In the past, to overcome the problem of the tractor wheels slipping, it has been suggested that drives be provided for driving the rear scraper wheels. These drives have consisted of both hydraulic (hydrostatic) and mechanical drives to transmit power to the rear wheels. While all the above solution will provide power to the scraper, they all require the operator actuating the drive mechanism to control power to the rear scraper wheels. Thus, the operator may delay in applying power to the rear wheels until the unit has lost its forward motion so that the full advantage of the power transfer in an assist drive is lost. Further, the requirement of manual actuation of the assist drive mechanism requires the operator to divert his attention from the loading operation, which can compound the problems rather than solve them. When the operators attention is diverted to operating the assist drive mechanism, accidents are more likely to occur. There are large scrapers which have separate engines driving the rear wheels of a scraper, and it is the object of this invention to achieve some of the advantages obtained in two engine scrapers in the single engine, tractor-drawn scrapers.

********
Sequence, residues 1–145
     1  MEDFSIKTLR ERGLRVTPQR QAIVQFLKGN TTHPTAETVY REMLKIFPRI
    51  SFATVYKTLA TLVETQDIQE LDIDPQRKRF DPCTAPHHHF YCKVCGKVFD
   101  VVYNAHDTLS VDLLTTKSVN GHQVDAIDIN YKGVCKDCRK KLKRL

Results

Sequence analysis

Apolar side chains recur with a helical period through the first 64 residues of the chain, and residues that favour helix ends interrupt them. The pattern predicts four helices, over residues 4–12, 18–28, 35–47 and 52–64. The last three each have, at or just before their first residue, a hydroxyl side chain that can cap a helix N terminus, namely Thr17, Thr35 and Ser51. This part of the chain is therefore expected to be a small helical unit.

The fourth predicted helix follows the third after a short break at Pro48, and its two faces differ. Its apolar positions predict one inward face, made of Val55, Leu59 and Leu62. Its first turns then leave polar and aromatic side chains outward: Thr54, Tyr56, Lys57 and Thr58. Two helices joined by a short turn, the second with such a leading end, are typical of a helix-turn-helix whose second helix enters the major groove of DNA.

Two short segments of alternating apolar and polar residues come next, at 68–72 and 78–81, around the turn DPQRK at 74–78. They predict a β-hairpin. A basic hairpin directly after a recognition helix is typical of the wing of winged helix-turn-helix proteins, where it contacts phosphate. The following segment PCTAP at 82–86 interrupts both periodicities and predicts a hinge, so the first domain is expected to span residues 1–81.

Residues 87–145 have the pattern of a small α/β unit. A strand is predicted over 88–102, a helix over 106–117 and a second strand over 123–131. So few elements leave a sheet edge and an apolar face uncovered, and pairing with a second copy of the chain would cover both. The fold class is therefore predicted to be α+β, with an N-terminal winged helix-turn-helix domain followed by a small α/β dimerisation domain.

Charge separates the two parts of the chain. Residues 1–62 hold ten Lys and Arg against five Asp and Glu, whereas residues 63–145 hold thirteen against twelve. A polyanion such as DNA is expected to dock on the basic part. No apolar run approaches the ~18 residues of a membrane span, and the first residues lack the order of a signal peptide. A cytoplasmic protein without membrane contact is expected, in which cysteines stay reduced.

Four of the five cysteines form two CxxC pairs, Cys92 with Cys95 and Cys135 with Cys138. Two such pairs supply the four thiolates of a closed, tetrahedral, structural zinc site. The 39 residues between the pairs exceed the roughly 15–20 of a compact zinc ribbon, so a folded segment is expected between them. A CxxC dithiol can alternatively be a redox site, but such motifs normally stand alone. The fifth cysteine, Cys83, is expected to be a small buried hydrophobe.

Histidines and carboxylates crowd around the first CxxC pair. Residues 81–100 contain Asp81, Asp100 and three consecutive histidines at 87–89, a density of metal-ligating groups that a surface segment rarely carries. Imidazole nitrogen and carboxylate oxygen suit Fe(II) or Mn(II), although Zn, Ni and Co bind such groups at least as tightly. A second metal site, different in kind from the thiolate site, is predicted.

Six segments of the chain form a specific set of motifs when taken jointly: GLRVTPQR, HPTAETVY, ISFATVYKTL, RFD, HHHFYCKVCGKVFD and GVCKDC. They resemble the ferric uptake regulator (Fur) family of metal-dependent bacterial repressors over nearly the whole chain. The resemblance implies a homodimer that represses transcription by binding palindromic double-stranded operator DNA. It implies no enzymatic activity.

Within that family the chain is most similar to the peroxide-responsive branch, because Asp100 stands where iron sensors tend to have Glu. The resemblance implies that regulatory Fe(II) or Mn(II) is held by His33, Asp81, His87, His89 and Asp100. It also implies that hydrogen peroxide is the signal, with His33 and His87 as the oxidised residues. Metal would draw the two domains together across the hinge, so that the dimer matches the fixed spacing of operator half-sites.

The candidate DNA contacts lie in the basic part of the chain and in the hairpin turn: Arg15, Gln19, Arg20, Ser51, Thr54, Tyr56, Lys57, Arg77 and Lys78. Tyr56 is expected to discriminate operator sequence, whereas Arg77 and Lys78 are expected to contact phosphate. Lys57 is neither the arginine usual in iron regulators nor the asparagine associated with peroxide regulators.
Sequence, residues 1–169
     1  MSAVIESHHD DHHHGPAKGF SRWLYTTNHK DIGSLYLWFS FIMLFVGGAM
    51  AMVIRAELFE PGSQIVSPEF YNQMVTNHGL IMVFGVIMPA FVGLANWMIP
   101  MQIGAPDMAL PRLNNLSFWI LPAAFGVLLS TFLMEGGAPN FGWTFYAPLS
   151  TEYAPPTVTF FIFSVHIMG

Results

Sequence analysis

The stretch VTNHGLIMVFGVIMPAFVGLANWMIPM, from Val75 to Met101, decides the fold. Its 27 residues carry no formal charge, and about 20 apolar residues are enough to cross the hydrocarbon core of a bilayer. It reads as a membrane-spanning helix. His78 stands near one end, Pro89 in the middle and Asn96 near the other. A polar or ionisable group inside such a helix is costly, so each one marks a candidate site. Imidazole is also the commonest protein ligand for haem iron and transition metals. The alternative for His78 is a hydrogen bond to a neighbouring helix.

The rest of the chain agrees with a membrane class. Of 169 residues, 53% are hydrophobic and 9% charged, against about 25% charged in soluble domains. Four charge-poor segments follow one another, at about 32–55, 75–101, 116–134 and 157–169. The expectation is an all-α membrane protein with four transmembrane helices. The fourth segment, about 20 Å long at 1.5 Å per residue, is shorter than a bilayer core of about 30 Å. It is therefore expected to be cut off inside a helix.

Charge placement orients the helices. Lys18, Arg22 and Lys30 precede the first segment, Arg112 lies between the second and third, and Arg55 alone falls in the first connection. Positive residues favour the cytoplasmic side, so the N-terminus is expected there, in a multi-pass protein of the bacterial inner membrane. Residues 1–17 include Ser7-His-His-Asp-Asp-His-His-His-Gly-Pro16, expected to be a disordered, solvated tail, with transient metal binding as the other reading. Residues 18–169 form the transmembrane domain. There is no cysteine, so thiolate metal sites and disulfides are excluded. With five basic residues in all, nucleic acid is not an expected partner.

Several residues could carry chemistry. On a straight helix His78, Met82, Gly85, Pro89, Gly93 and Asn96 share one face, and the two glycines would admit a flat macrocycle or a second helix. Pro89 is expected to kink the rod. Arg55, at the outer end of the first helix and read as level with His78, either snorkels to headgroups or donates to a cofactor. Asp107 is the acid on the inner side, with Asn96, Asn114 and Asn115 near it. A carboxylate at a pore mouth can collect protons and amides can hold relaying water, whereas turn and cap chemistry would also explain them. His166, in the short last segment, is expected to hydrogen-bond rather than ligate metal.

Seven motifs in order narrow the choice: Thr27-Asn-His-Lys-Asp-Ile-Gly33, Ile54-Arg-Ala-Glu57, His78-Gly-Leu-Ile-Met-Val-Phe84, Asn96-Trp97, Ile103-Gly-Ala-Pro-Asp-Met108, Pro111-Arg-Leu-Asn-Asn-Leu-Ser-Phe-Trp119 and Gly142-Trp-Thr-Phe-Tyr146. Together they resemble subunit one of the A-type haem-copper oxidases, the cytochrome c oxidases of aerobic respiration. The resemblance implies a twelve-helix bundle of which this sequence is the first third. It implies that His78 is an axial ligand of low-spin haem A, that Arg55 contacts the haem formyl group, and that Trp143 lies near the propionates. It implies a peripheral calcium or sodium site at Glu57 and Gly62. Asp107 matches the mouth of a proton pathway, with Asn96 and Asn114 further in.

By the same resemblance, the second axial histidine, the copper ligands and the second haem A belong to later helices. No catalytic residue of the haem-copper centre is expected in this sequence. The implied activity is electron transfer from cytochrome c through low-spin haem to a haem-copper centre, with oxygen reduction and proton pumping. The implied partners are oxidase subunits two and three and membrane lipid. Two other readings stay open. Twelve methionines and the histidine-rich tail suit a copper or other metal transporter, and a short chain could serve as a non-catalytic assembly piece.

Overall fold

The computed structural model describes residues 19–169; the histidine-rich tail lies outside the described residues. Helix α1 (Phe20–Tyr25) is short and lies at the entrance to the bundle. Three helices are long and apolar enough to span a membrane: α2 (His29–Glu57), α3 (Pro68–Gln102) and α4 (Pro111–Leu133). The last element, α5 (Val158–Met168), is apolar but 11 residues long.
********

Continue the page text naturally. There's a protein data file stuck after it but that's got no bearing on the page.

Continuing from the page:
SUMMARY OF THE INVENTION The present invention solves the above problems by providing a hydrostatic assist means for driving a set of wheels of a vehicle which are not normally directly driven by the power plant and includes a power transfer system which supplies power to a set of nondrive wheels only when the power being delivered to the normally powered wheels is about to exceed or exceeds the tractive capacity of the tires on the ground. The power transfer system can be responsive either to the actual slipping of the wheels on the ground or to slip in a nonpositive coupling between the drive motor and the normally driven wheels.